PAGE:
Koreyoshi Kurahara's signature film -- or so the curators of the Criterion Eclipse Kurahara collection see it -- has gone by numerous names over the years. In Japan, it's known as "Season of Heat." In the U.S., Radley Metzger released it as The Weird Love Makers before it acquired its DVD tag in a subsequent re-release. Since liner-notes writer Chuck Stephens wants to equate this film with Jean-Luc Godard's Breathless, we could give the Kurahara a more suggestive and exploitative title -- "Brainless." That's not a knock on Kurahra and his film, but an acknowledgment that its main character, the ex-con shoplifter Akira (Tamio Kawachi) is an utter malevolent moron. Stephens characterizes Warped Ones as a triumph of style, and to an extent it is that, but it's also little more than the sort of juvenile-delinquent movie made in America at the same time. What sets it apart from the U.S. genre is the triumph it grants the punk at the end and the bleak message about Japan's future his triumph conveys.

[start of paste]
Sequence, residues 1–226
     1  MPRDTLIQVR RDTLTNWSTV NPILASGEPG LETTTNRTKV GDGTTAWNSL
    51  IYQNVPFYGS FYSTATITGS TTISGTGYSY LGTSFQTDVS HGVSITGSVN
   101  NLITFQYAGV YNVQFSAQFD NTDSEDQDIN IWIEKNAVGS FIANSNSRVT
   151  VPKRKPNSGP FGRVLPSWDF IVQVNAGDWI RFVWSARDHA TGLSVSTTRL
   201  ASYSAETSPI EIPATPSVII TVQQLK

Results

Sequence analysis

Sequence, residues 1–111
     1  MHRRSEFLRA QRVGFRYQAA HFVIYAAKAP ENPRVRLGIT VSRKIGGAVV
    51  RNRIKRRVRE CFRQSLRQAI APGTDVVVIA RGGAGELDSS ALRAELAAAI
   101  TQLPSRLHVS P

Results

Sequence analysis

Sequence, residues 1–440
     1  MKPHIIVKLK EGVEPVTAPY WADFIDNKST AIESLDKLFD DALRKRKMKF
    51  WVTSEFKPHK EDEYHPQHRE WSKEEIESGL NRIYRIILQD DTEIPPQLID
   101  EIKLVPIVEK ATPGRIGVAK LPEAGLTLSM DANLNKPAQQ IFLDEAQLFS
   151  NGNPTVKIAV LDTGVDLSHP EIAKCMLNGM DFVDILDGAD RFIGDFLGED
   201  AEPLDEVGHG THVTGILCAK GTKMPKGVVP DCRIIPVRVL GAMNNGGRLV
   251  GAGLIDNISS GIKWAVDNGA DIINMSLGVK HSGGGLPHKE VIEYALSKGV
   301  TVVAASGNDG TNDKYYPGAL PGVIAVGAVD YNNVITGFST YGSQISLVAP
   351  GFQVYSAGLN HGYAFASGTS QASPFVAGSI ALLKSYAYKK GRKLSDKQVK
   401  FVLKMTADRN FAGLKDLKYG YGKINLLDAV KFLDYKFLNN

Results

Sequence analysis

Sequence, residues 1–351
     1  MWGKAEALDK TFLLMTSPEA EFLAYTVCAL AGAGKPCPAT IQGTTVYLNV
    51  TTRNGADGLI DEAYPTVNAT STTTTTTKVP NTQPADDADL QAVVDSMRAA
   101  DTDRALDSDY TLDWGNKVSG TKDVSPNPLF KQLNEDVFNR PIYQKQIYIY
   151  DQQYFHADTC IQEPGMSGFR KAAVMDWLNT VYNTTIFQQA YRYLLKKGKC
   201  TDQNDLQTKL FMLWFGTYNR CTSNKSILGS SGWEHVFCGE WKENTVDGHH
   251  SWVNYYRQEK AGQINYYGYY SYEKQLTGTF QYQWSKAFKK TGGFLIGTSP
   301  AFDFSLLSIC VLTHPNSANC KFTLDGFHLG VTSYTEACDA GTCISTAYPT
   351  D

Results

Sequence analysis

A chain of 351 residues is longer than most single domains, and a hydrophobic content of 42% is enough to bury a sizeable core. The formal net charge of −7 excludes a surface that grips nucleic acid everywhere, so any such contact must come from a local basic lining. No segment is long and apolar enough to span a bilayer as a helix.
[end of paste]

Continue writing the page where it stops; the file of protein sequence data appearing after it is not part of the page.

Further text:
Akira is alienated to the point of sociopathy. American jazz is his drug and his anthem of alienation. When someone abruptly switches off the jazz record playing at one of his hangouts, Akira goes berserk and is ready to slice the girl's face with a broken bottle before his black GI buddy stops him. Akira had earlier defended the soldier against a Japanese girl who said she didn't like "darkies." Blacks are the best, he says, because they invented jazz. After that, he goes on, the whiteys stole it, and now the Japanese imitate it. That proves to Akira that "We're the worst of all." Kurahara and screenwriter Nobuo Yamada seem to imply that Akira's enthusiasm for the American art form is an outgrowth of a national self-loathing. It is not part of any greater cultural sensibility. Akira is no beatnik, and his overall attitude toward avant-garde culture is contemptuously uncomprehending. The feeling is mutual between him and the actual would-be avant garde -- who seem more interested in classical music than jazz. The pretentious circles he travels through while seeking to get back at the reporter who got him arrested at the start of the picture regard him as a specimen rather than a person -- "What extraordinary Fauvism!" one exclaims. The others seem more civilized, but Kurahara and Yamada may consider them just as hopelessly alienated, or even just as addicted to the sensory overload that The Warped Ones tries to translate into cinema.